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    • CommentRowNumber1.
    • CommentAuthorAndrew Stacey
    • CommentTimeJul 23rd 2009
    • (edited Jul 23rd 2009)

    Leading on a bit from Eric's discussion on matters of style, here's a style question. Should we have a lab convention on fonts for categories, functors, and the like? I realise that it may not be possible to always adhere to such a convention, so more of a guideline than a strict rule.

    My point is that good notation should aid the reader. Having preferred fonts for categories, functors, and so forth can make the relationships between different pages a little easier.

    In one recent paper, I (and my coauthor) used a for elements and morphisms, A for objects, \mathcal{A} for categories, and \mathfrak{A} for functors. Of course I'm not suggesting that this be the convention, just raising the question as to whether or not there should be one, then if that is agreed upon here's my initial suggestion.

    (By the way, maths on this forum is contained in double dollars, even inline maths)

    • CommentRowNumber2.
    • CommentAuthorTobyBartels
    • CommentTimeJul 23rd 2009

    I tend to use C for categories (or n-categories or \infty-categories) and F for functors (that is, the same) if the article is primarily about categories and functors. That leaves lowercase x and f for objects and morphisms. But I'm more likely to use \mathbf{C} (even though that doesn't presently render properly, at least in Firefox) or \mathcal{C} (although that can cause font trouble for some people) if the article is primarily about other stuff and the categories come in later. In that case, I'm liable to use S for sets or structured sets but a for elements and f for functions.

    Also, I tend to enforce \mathbf{B}G for the delooping of a group G into a one-object groupoid but \mathcal{B}G for the classifying space of that groupoid.

    • CommentRowNumber3.
    • CommentAuthorTobyBartels
    • CommentTimeJul 23rd 2009

    I forgot to mention that I pretty much never change a standard for a given page that is already established on that page.

    • CommentRowNumber4.
    • CommentAuthorMike Shulman
    • CommentTimeAug 29th 2009

    This is an interesting idea. I always use conventions of this sort when writing math papers; I find it especially helpful to keep things straight in my head because I tend to write papers that involve a bunch of different types of categorical thing (e.g. category, 2-category, 3-category ,double category, indexed category can often all occur in the same paper, not to speak of functors). But I think at this point I'd rather not try to impose a style convention on the nLab, since it would raise the barrier to entry just a little bit higher. (Plus the odds of getting multiple people to agree on a single convention for the entire nLab seem to me rather slim!)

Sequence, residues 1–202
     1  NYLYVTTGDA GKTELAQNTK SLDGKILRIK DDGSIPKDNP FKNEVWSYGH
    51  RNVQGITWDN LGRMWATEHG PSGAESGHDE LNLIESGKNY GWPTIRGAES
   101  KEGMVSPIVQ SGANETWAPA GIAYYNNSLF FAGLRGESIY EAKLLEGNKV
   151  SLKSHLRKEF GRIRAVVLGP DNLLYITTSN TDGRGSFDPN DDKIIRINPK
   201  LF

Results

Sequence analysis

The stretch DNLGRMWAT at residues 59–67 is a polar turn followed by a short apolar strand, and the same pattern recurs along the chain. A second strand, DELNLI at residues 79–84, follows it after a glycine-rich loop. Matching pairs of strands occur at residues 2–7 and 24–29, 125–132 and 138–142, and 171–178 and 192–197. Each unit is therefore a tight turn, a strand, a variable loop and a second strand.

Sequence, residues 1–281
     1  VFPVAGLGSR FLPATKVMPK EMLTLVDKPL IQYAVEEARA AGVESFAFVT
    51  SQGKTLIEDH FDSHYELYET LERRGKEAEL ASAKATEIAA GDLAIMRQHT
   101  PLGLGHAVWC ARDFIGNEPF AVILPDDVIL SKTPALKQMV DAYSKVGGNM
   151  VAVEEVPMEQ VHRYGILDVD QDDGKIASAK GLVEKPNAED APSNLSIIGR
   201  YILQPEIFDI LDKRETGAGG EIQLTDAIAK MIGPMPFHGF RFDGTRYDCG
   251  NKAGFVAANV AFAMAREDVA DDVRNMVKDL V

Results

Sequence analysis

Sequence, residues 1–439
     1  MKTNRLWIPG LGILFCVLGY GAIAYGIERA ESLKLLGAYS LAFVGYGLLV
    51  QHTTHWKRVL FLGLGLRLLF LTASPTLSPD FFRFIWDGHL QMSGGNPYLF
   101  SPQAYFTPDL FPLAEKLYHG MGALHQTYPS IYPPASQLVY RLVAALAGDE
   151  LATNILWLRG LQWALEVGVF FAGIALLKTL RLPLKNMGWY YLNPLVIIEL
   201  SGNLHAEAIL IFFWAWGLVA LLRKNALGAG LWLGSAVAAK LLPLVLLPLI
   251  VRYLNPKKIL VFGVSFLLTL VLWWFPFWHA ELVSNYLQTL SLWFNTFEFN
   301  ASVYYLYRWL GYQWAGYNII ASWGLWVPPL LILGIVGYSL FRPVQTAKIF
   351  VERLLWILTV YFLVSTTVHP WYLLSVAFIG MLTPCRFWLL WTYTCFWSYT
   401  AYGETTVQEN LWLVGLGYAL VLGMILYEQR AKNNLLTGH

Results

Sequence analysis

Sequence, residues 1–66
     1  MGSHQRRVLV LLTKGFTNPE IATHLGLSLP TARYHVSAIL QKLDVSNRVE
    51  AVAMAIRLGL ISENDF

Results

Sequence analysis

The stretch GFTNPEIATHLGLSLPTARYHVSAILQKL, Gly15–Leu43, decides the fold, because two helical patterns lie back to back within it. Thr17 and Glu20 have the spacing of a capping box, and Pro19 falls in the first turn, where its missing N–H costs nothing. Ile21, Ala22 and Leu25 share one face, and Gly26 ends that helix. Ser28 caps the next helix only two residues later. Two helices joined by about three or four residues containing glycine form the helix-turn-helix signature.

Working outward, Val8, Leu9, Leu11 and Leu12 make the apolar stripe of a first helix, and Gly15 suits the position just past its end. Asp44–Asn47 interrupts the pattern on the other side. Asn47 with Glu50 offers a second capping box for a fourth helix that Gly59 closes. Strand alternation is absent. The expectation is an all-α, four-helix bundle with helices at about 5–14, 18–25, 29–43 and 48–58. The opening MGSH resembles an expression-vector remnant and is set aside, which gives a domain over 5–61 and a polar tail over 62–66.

• CommentRowNumber5.
    • CommentAuthorAndrew Stacey
    • CommentTimeSep 1st 2009
    • (edited Sep 1st 2009)

    Here's one for the Lab Elves (typesetting division): now that I can have the error logs scrolling past my screen without worrying about it blocking anyone else's access, I can see all the complaints that the markdown (maruku) filter has about everyone's syntax. The most common offenders are square brackets. Since these are part of markdown's syntax, it tries to make them such. So when someone types

    [43, p. 153]
    

    then I see

     ___________________________________________________________________________
    | Maruku tells you:
    +---------------------------------------------------------------------------
    | Could not find ref_id = "43_p_153" for md_link(["43, p. 153"],"43_p_153")
    | Available refs are []
    +---------------------------------------------------------------------------
    \___________________________________________________________________________
    Not creating a link for ref_id = "43_p_153".
    

    So presumably these should be changed to \[ and \] by some enterprising soul.

    • CommentRowNumber6.
    • CommentAuthorTobyBartels
    • CommentTimeSep 1st 2009

    The good thing about that is that it simply renders this as if there were no brackets (albeit inside a <span> or something that affects the CSS very slightly), which in most cases looks just fine.

    • CommentRowNumber7.
    • CommentAuthorAndrew Stacey
    • CommentTimeSep 1st 2009

    I'm a little confused about what you are calling a 'good thing'. Either the brackets should be visible, in which case they should be escaped properly, or they shouldn't be there, in which case they shouldn't be there in the source code.

    Maybe you mean that at least it doesn't break anything! In which case, I agree fully.

    Oh, it's fun reading the error logs. It's amazing what people type ...

    • CommentRowNumber8.
    • CommentAuthorTobyBartels
    • CommentTimeSep 1st 2009

    Maybe you mean that at least it doesn't break anything!

    Yes. Even at the level of the casual reader, it usually doesn't break anything significantly.

    • CommentRowNumber9.
    • CommentAuthorAndrew Stacey
    • CommentTimeSep 2nd 2009

    Yeah, but the error messages are sufficiently irritating that I'm going to fix 'em when I get a minute.

    More seriously, I'm monitoring the errors to see when we get a spike and it's hard to keep up when all these minor stuff goes by (there's an asterisk in the Sandbox that it doesn't like either).